In 1880, Mackay established the Mackay Clinic in Tamsui, the first Western hospital in northern Taiwan. Although Mackay never attended medical school, he partnered with Western doctors to treat local patients, many of whom suffered from malaria, a common ailment and cause of death on the island. The hospital closed after Mackay’s death but reopened in 1912 with the name Mackay Memorial Hospital. Today it is one of the top hospitals in Taiwan, with the sick and elderly crowding the waiting room from morning to night.

Oxford College, founded in 1882, replaced Mackay’s itinerant school under the banyan trees, and students learned about the Bible, astronomy, geography, botany, and natural sciences. It was the first school to use Western-style education in northern Taiwan, in contrast to Chinese private schools that taught students Chinese classics to prepare them for the civil service exam. After Japan colonized Taiwan in 1895, the government made Western education more widespread, yet missionaries had beaten them by a few decades.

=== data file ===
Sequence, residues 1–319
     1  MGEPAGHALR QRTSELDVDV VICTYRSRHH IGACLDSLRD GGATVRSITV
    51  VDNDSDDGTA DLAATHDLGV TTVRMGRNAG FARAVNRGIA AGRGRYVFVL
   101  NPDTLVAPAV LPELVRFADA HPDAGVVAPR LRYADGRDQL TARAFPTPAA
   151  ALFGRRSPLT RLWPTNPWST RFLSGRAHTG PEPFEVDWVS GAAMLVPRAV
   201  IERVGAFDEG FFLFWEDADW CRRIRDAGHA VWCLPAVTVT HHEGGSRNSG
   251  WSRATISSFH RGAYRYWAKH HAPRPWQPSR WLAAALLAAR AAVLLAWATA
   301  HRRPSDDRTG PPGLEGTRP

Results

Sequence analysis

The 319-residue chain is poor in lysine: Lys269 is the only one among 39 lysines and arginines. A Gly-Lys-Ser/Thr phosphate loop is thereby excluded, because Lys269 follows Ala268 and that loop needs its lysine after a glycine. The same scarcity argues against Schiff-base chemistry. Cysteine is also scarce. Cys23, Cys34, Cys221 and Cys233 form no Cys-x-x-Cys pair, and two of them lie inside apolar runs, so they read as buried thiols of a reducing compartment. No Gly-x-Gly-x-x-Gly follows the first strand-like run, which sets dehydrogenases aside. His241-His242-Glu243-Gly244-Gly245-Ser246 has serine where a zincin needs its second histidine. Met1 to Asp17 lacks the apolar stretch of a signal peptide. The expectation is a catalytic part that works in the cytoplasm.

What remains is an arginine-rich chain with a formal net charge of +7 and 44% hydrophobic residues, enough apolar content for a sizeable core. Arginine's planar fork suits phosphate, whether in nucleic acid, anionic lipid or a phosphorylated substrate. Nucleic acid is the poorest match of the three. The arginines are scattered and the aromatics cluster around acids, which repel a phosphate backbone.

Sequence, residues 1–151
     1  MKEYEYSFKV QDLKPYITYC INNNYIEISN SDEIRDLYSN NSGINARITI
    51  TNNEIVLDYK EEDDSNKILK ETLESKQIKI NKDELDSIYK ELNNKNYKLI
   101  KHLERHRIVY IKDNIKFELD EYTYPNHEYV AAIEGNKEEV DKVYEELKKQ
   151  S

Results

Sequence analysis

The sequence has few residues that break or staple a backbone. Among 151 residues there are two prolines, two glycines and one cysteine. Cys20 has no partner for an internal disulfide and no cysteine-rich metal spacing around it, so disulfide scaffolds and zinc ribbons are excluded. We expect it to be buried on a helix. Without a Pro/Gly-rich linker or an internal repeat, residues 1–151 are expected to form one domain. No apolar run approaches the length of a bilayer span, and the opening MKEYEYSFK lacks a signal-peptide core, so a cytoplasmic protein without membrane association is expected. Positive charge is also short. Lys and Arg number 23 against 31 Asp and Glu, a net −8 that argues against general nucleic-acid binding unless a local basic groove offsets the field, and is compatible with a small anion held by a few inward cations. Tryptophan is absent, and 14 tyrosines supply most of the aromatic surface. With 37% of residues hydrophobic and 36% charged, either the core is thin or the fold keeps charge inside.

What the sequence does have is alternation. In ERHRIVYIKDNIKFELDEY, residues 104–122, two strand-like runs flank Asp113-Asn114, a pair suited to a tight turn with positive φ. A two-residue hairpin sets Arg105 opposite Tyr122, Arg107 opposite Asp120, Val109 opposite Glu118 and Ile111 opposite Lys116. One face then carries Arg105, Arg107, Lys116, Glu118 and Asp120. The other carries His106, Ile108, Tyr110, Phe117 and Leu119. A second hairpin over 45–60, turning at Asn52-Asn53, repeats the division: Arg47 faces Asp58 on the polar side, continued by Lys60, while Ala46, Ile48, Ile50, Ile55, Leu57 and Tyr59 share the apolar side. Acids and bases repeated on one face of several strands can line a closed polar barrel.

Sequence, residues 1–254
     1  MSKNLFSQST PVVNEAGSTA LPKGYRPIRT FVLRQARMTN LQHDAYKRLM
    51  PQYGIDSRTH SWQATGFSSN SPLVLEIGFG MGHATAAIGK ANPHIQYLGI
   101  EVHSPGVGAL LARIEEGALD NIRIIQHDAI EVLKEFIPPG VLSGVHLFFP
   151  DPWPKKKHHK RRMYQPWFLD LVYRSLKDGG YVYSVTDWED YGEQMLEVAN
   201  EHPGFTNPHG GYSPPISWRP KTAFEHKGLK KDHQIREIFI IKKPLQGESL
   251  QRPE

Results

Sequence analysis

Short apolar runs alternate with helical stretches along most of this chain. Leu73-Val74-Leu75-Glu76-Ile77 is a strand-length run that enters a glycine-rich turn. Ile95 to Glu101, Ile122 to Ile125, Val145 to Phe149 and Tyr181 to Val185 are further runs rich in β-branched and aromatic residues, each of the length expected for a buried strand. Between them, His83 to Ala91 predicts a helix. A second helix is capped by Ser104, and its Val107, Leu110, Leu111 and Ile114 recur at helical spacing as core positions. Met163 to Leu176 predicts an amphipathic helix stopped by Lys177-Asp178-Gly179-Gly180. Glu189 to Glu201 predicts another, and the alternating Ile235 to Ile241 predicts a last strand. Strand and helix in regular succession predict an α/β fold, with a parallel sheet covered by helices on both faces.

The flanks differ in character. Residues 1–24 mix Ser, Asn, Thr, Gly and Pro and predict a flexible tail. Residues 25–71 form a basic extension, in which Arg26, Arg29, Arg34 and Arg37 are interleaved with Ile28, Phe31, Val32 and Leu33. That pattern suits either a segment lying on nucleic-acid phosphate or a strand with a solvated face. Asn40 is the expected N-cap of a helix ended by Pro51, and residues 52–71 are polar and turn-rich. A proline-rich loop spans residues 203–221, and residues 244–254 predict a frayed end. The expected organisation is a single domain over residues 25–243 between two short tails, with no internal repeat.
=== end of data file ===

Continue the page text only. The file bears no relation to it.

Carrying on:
Angela Lu Fulton

Oxford College (Angela Lu Fulton)

Mackay often collected seeds for his students to examine, and he let them dissect animals to see their complex and delicate design. He believed evidence theology was the best way to evangelize the unbeliever. “The reasoning from effect to cause, and particularly from design to designers, would deeply impress the native mind,” Mackay wrote.

After Mackay’s death, Oxford College moved to Taipei, which under Japanese rule had become a large developing city. In 1955, the seminary relocated again to Yangming Mountain under the leadership of missionary James Dickson, a close friend of Gen. Chiang Kai-shek, then the leader of the island.